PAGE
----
General questions for causes

The following is a list of questions that could be asked for causes under investigation. It is provided here as a “checklist of things to investigate” to guide one’s thinking; in particular, it’s important to note that investigating a cause isn’t just about asking what the importance/tractability/neglectedness breakdown is. The list is not an exhaustive list of questions, but any complete investigation of a cause should at least answer these.

  • What type of cause is it (technological/scientific, one-off, advocacy, etc.)?
  • How important is the cause?

    • What is the raw dollar estimate for solving the problems related to the cause?
    • What is the growth potential for organizations working on this cause?
    • Could the cause actually be a bad thing? What are the potential problems/costs associated with making progress on a cause? See also the “differential intellectual progress” question.
      • Are there keyhole solutions?
      • Can offsets be purchased to compensate for potential negative consequences?
    • How controversial is the cause? (Is there something like an “uneducated/contrarian/meta-contrarian” triad for different positions on the cause?)
    • What do experts (or more generally, people who have deliberately thought about the cause) say about the cause?
    • What do people generally think about the cause?
    • More overall: factoring in all the other points, how important is the cause? Should people work on it?
    • How important is the cause given different assumptions (e.g. how much does one care about reducing suffering versus increasing the number of happy people? Also look at population ethics and e.g. the repugnant conclusion.)?
    • What are the most favorable assumptions for the cause? In other words, in order for this cause to be one of the most important, what would the world have to look like?
  • How neglected/crowded is the cause?

    • How known is the cause?
    • What is the history of the cause? (This is a somewhat big question that touches on more than just neglectedness. “What can we learn from history?” is a good question when investigating both importance and tractability as well. In addition it’s important to note that investigation of history isn’t just about the history of a single cause, but rather many analogous causes. For instance, when studying a social movement, it is helpful to investigate not just the history of the social movement in consideration but also other social movements in general.)
    • How many people are working on it professionally (academia, industry, non-profits)?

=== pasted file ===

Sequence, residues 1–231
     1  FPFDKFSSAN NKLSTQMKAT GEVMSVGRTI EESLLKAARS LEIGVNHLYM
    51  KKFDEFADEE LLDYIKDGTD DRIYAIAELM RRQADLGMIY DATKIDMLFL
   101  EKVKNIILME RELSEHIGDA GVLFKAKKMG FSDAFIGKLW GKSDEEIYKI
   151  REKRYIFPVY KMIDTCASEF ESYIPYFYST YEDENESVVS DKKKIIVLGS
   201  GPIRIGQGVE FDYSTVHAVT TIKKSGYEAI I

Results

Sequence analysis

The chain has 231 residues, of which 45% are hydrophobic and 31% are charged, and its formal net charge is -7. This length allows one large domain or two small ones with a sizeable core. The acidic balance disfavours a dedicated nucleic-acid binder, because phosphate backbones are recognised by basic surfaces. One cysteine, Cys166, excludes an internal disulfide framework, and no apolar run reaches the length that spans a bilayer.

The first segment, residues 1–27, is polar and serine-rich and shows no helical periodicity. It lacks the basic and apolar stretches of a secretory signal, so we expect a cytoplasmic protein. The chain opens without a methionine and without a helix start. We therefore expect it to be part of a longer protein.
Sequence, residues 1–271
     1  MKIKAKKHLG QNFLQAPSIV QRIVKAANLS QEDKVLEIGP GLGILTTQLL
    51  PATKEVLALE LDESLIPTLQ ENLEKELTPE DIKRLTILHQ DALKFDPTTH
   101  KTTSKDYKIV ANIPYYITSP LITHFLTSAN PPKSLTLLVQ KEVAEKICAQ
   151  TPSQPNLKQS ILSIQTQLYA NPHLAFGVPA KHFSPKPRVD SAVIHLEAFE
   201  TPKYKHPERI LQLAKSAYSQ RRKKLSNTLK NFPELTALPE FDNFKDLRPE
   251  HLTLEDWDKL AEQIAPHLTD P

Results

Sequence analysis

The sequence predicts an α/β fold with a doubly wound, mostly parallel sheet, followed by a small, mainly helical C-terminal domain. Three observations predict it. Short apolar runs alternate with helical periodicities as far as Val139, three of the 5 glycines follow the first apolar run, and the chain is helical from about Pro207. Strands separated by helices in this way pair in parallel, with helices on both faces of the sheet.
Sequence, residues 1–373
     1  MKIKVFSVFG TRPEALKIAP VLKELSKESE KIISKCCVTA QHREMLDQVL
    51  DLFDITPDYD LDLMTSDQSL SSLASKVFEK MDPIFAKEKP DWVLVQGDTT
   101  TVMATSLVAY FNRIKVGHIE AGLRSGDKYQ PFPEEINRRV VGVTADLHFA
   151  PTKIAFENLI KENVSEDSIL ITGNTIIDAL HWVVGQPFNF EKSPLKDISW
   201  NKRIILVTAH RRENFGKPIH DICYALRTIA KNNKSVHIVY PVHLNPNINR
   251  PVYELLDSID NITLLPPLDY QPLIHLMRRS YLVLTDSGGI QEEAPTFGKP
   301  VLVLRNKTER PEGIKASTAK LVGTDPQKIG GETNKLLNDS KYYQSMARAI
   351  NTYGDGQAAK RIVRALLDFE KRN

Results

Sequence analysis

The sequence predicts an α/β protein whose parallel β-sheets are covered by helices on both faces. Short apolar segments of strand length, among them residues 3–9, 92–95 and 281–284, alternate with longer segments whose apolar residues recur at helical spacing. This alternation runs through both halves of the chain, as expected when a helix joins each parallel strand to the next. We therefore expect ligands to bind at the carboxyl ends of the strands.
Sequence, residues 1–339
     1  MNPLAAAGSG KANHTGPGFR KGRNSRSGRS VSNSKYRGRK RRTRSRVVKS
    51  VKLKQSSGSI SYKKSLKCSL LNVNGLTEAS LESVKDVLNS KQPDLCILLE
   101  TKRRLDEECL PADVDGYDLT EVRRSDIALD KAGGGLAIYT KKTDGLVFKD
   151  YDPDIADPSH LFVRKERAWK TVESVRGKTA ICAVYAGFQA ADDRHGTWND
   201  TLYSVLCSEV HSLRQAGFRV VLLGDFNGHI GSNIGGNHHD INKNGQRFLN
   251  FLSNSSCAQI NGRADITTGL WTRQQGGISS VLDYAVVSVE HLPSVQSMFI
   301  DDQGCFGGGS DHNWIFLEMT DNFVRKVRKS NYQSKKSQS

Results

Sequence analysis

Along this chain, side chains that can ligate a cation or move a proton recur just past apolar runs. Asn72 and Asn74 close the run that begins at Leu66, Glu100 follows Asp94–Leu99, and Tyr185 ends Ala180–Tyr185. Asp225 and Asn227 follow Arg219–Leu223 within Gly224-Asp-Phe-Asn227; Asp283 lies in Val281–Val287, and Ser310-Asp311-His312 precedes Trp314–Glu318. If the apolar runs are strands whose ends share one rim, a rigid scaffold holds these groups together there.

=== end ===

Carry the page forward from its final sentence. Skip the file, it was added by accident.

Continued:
• Is the number of people working on it more/less than comparable causes?
    • Should more people be working on the cause?
  • How tractable is the cause?

    • Is it something we can solve by throwing more money/people at it?
    • Is it something that may be impossible to solve?
  • What are the ways people can help to solve the problems of the cause?

    • Can people just donate money?
    • Can people volunteer, and if so, how useful is this relative to other causes?
    • Is it an intellectually difficult problem (e.g. artificial intelligence, curing aging), or is it something that needs more advocacy (e.g. open borders)? (It could be both.)
  • What can we say about the cause if we consider differential intellectual progress? For instance, how much it will speed up development in both risk-increasing and risk-decreasing ways?
  • Are most of the actors of the cause in the for-profit or non-profit world? Consider also “broad market efficiency” (i.e. factoring in the market efficiency of for-profit versus non-profit, does it seem like a lot of progress can be made by investing more resources?).
  • What are the general steps involved in solving the problem?
  • How likely is it that the cause will affect the long-term trajectory of humanity (as Nick Beckstead argues we might want to)?
  • Can the cause lead to “better morality” in society?
  • Does the cause allow for any interesting “intersections” with other causes? Can it act as a “template” for “intersections”?
    • One example here is artificial intelligence, which can provide the “intersection” of AI and an arbitrary cause X by asking “Is it easier to achieve X directly or by first attempting to create a superintelligence?”
    • Romance also has interesting intersections with e.g. open borders and quantified self; see Romance: Intersection with other causes for more.
    • Life extension also has an interesting template, namely, “Would solving cause X be easier in an ageless society, or would the problem be exacerbated?”
  • What are the memetic implications of discussing the cause and particular solutions for a problem? What sort of dissonance do proposed solutions cause in people?

See also